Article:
Scientists from the University of Wuerzberg in Germany and the University of Otago Christchurch in New Zealand conducted an in-depth analysis of GelAGE synthesis. Standard UV-initiation was further compared with a recently described visible-light-initiator system for GelAGE hydrogel formation.
The study, conducted by Sarah Bertlein, Gabriella Brown, Khoon S. Lim, Tomasz Jungst, Thomas Boeck, Torsten Blunk, Joerg Tessmar, Gary J. Hooper and Tim B. F. Woodfield, demonstrated that GelAGE may serve as a platform bioink for several biofabrication technologies by fabricating constructs with high shape fidelity via lithography-based (digital light processing) 3D printing and extrusion-based 3D bioprinting, the latter supporting long-term viability postprinting of encapsulated chondrocytes.
Bioprinting can be defined as the art of combining materials and cells to fabricate designed, hierarchical 3D hybrid constructs. Suitable materials, so called bioinks, have to comply with challenging rheological processing demands and rapidly form a stable hydrogel postprinting in a cytocompatible manner.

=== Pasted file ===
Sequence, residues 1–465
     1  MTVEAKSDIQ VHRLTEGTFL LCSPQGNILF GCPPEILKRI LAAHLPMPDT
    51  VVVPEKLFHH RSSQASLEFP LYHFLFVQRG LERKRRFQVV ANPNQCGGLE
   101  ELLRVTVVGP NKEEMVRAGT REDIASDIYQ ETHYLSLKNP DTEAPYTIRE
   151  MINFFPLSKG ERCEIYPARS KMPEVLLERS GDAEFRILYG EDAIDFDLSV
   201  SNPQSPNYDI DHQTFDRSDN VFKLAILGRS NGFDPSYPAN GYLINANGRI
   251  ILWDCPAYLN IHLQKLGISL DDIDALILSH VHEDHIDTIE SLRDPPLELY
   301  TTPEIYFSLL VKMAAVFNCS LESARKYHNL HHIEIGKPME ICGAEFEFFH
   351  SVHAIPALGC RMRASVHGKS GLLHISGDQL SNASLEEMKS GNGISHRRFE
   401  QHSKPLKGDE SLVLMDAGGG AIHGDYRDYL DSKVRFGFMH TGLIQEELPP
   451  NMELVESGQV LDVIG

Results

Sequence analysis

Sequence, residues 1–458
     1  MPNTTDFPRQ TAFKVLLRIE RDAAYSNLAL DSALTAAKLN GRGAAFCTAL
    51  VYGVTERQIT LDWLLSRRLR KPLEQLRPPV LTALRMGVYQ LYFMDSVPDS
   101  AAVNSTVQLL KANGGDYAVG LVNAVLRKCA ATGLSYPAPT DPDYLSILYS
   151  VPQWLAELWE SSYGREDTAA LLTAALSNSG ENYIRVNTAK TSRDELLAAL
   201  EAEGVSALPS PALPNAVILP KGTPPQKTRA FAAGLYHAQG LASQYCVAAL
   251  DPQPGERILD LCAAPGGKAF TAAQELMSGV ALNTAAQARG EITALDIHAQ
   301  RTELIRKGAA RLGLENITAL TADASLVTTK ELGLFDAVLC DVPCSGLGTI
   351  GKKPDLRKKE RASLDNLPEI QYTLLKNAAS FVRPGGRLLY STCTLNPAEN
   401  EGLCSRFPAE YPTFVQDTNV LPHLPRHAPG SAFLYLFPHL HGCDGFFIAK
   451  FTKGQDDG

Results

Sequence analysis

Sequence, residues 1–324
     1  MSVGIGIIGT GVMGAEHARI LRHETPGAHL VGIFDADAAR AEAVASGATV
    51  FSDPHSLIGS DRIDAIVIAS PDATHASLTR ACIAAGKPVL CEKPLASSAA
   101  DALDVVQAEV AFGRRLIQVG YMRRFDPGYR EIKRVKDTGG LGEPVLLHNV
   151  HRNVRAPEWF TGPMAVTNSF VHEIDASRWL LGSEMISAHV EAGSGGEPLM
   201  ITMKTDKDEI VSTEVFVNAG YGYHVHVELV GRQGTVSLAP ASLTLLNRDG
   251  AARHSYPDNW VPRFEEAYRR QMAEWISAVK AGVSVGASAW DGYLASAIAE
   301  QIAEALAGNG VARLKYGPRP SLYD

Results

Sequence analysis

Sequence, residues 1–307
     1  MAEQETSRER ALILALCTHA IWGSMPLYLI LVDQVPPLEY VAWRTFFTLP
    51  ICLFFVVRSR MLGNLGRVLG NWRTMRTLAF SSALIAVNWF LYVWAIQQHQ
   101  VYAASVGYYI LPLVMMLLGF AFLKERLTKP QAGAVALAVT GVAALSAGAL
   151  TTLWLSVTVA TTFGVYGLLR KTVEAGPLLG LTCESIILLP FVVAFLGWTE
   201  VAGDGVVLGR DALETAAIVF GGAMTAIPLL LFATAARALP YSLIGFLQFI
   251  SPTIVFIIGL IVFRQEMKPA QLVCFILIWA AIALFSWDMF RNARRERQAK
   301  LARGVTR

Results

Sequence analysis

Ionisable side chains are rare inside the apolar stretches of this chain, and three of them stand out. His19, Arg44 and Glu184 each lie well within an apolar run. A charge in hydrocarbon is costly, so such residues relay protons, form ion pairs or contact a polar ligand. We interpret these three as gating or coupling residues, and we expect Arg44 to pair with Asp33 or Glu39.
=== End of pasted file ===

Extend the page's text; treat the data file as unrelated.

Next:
Gelatin is often adopted for this purpose, usually modified with (meth-)acryloyl functionalities for postfabrication curing by free radical photopolymerization, resulting in a hydrogel that is cross-linked via nondegradable polymer chains of uncontrolled length.
The application of allylated gelatin (GelAGE) as a thiol–ene clickable bioink for distinct biofabrication applications is reported. Curing of this system occurs via dimerization and yields a network with flexible properties that offer a wider biofabrication window than (meth-)acryloyl chemistry, and without additional nondegradable components.